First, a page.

The Papists and their faes comminglit In monie a fecht and tulzie-mulzie.
Bnff. 1852 A. Harper Solitary Hours 60:
But end a' tullie-mulie din, And try to sleep in a hale skin.
Fif. 1864 W. D. Latto T. Bodkin xiv.:
A teuch toolie-moolie the twa o's had thegither.

2. A verbal quarrel, a wrangle or dispute, an altercation (I.Sc., Mry., Abd. 1973). Liter. Sc. 1728 Ramsay Poems (S.T.S.) II. 154:
Smiling, ca' her little Foolie, Syne with a Kiss evite a Toolie.
Lnk. a.1779 D. Graham Writings (1883) II. 42:
But there happened a tullie between the twa mothers who would have both their names to be Johns.
Ayr. 1785 Burns To W. Simpson xxxi.:
Tho' dull prose-folk Latin splatter In logic tulzie.
Rxb. 1821 A. Scott Poems 71:
'Bout their joes a tulzie thus began.
Ork. 1880 Dennison Sketch-Bk. 27:
Whin he wanted a flyte an' tullye wi' the laird o' Nearhouse.
Sh. 1899 Shetland News (18 Feb.):
A'm juist been in a tüllie wi' da maister.
Abd.13 1910:
Your tongue's aye i' the tully. Said of a person who speaks when they shouldn't.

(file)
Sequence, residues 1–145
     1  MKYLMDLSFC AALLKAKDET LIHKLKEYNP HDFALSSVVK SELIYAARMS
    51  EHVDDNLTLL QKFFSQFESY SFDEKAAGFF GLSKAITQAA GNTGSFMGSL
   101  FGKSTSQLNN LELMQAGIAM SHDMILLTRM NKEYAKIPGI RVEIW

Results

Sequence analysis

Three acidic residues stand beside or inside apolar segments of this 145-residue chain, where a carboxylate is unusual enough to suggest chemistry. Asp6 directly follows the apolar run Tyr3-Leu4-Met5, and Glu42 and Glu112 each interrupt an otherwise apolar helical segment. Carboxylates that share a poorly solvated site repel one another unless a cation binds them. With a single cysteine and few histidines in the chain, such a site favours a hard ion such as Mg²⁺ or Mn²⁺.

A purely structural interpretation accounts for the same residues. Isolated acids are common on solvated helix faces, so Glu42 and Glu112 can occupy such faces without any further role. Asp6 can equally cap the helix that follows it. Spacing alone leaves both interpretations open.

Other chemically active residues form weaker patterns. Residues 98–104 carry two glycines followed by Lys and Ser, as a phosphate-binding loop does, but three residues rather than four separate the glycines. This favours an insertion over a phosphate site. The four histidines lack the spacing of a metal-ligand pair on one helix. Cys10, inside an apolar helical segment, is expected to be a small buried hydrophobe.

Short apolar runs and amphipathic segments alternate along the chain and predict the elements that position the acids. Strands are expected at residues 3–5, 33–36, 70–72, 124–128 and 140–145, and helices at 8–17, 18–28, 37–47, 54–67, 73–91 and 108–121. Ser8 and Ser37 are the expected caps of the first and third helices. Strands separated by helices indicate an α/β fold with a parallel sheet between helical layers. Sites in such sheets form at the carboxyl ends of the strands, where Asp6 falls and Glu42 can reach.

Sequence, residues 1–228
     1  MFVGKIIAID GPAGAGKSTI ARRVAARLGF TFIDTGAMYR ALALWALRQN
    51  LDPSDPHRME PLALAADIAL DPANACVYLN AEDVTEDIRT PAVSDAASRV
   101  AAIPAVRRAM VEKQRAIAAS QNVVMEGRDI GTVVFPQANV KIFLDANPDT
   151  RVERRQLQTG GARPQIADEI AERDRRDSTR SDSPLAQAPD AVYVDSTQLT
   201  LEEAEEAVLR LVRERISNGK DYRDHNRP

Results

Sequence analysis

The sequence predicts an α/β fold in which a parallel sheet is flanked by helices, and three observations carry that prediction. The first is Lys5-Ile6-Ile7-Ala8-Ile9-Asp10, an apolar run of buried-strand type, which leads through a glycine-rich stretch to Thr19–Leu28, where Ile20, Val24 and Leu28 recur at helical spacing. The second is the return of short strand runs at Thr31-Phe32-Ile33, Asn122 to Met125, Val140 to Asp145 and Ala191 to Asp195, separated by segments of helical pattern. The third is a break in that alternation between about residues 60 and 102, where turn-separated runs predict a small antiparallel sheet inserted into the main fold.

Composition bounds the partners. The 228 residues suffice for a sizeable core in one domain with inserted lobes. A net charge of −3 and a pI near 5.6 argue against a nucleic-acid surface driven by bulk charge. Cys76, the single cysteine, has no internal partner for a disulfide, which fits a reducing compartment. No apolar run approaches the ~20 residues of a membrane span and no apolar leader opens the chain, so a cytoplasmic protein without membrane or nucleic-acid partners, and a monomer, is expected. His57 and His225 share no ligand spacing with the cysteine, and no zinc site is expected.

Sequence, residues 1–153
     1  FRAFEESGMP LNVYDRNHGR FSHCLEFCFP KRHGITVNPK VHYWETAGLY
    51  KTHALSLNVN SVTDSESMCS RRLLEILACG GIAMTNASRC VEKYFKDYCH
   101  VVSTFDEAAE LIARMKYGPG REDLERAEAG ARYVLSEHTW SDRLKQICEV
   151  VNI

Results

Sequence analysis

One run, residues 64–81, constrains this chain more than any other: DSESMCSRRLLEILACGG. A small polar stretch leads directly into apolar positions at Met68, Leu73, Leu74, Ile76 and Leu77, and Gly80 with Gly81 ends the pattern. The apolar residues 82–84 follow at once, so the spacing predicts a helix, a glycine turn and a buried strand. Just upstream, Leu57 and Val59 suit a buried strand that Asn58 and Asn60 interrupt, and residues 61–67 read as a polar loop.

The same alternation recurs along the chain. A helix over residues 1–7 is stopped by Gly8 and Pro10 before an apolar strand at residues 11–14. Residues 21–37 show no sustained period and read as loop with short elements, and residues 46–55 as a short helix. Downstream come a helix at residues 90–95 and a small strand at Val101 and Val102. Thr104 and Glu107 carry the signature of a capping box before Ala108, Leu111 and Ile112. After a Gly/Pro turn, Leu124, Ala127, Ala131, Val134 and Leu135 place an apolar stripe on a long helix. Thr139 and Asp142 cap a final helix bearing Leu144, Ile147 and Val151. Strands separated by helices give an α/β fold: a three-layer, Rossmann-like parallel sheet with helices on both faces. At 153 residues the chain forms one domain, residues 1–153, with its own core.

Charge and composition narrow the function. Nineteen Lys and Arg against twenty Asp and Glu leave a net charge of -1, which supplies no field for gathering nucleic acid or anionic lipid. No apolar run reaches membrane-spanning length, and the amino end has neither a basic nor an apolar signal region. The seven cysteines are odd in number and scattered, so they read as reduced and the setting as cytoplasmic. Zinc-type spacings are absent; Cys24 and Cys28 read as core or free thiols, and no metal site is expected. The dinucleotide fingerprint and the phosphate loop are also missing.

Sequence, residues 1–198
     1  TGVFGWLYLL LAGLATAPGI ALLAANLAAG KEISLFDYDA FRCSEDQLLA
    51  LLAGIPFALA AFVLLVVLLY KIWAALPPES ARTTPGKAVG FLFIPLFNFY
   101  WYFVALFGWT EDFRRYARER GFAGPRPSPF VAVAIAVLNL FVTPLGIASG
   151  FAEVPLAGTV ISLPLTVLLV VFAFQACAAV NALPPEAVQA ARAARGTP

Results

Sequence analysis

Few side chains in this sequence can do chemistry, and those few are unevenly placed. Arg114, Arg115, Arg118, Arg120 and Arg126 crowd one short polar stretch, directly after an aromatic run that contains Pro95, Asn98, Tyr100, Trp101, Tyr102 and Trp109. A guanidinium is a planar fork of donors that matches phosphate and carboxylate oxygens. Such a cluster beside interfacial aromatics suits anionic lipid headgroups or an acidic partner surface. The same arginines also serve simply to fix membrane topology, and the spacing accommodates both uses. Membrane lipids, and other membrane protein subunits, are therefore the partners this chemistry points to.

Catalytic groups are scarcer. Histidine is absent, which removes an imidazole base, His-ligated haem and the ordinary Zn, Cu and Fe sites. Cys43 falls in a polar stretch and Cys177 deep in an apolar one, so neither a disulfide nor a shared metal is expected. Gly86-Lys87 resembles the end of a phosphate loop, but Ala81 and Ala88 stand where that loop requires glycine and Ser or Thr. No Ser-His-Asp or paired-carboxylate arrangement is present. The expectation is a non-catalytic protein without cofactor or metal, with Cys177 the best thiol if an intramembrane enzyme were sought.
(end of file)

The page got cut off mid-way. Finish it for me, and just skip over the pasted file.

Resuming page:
Sc. 1943 Scots Mag. (July) 287:
A tulzie of criticasters over the remnants of a very minor poet.

3. Toil, labour, trouble, exertion (Sh. 1973). Deriv. tuilyiement, id. Chiefly liter. Edb. 1773 Fergusson Poems (S.T.S.) Il. 107:
It masters a' sic fell diseases That would ye spulzie, And brings them to a canny crisis Wi' little tulzie.
Fif. 1864 W. D. Latto T. Bodkin ii.:
After comin' through coontless toils an tuilyiements.
Sc. 1913 H. P. Cameron Imit. Christ i. iii.:
Wha haes a sterker tuilyiement nor he wha struissles tae discomfish hissel?

II. v. 1. To quarrel, contend, come to blows, fight (Sc. 1808 Jam.; I.Sc., Mry. 1973). Vbl.n., ppl.adj. tulying, fighting, quarrelling. Rnf. 1715 W. Hector Judicial Rec. (1876) I. 82:
They did fall upon ane another and tuilzeing and fighting.
Sc. 1721 J. Kelly Proverbs 309:
Tulying Dogs comes halting home.
Edb. 1773 Fergusson Poems (S.T.S.) I I. 185:
Come on ye blades! but 'ere ye tulzie.
Kcb. 1789 D. Davidson Seasons 46:
For pow'r amang the herd he ne'er contends; Nor tweelies for the kingdom of the loan.
Rnf. 1813 G. MacIndoe Wandering Muse 126:
Yet, had he seen twa cronies tooly Wi' bitter brulze, about their spoolie.
Sc. 1817 Scott Rob Roy xxvi.:
That they suld let folk tuilzie in their yards.
Rxb. 1847 J. Halliday Rustic Bard 195: